Cases such as these point the way to a freedom-based case for a Basic Income Guarantee, of the sort that Hayek might very well have had in mind. A basic income gives people an option – to exit the labor market, to relocate to a more competitive market, to invest in training, to take an entrepreneurial risk, and so on. And the existence of that option allows them to escape subjection to the will of others. It enables them to say “no” to proposals that only extreme desperation would ever drive them to accept. It allows them to govern their lives according to their own plans, their own goals, and their own desires. It enables them to be free.

In the second part of the essay, Zwolinsky also addressed the (obvious) question as to why Hayek would support UBI despite the fact that it would be supported by taxation (which is a form of coersion against tax-payers)

  • The main argument is that this is basically a choice between two evils (coersions), and the balance of more freedom lies in favor of UBI, not lack of taxation:

    In a perfect world, Hayek thought, we would be able to eliminate coercion altogether, including even the relatively mild kind of coercion that a modest form of taxation involves.

    But in our world, coercion can only be minimized, not eliminated, and the coercion of some individuals by others can often be held in check only by the use of coercion itself (CL, p. 59).

Zwolinsky concludes:

The point of a basic income isn’t to give everyone the same amount of wealth. It is to ensure that everyone has enough access to material wealth to render them immune to the coercive power of others.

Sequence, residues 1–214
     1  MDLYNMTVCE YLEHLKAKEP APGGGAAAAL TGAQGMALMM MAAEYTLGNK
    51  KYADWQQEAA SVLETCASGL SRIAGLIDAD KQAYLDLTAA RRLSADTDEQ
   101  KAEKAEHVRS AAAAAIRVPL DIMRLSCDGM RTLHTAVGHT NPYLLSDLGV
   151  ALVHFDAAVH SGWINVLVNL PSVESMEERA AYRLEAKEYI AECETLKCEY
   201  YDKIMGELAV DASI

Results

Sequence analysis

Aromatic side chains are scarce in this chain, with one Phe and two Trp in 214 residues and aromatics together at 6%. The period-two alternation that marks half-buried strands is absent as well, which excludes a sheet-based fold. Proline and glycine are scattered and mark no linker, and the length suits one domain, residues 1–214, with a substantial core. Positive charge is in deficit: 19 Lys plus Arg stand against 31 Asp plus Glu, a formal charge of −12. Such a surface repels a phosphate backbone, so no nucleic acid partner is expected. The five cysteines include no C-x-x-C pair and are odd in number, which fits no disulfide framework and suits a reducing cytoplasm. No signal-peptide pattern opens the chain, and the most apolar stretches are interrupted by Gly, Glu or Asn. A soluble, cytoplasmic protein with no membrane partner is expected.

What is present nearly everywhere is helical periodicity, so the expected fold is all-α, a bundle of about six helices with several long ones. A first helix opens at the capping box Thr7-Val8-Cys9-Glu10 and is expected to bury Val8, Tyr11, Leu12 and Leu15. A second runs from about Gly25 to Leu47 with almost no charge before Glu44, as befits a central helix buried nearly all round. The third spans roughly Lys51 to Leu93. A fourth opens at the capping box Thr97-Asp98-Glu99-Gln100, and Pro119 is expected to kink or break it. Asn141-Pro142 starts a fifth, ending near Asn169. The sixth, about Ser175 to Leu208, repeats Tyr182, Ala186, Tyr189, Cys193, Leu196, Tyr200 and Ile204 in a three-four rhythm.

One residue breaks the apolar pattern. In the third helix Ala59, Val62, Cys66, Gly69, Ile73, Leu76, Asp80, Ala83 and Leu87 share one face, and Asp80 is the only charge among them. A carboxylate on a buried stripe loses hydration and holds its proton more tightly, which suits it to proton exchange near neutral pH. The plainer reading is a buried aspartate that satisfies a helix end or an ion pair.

Milton Friedman's support for UBI was edited out of the question so I won't cover that in detail, but if genuinely interested, some resources explaining it:

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    Further support for UBI from libertarian middle-weights: Cato's Matthew Feeney; Zwolinsky himself
    – user4012
    Oct 25, 2017 at 22:45
  • That's a great detailed response - thanks. I haven't investigated it too thoroughly, but i used to be a libertarian. After i left (for other reasons) I saw that hayek and friedman both supported UBI, it kind of blew my mind. I get the whole 'limiting coercion' thing - but it is incredibly hypocritical nonetheless, given the majority of the arguments they make against government. I also think they fail to understand that to limit coercion requires coercion. Oct 26, 2017 at 0:35
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    It is not coercion libertarians object to but the claim of a "legitimate" monopoly on coercion. All rights are based on the right to defend oneself and by extension one's possessions. Coercion is implied in defense. Jan 22, 2018 at 17:20
  • You might want to add that a UBI does not have to be funded by taxes if it takes the form of a citizen's dividend funded by economic rents (e.g. land values resulting from collective investment). There would hence be no coercion involved in funding the UBI. Did Hayek consider that?
    – sba222
    Jan 14, 2021 at 23:50

Hayek is a staunch free market capitalist, small government - bordering on 'taxation is theft' economist.

Hayek was nowhere near bordering on the tax-is-theft position. Although he was broadly in favour of a free-market capitalist society, he made many allowances for intervention by government. He held an extremely moderate position that is arguably not even libertarian. Among the tax-is-theft crowd he is generally referred to as a borderline socialist.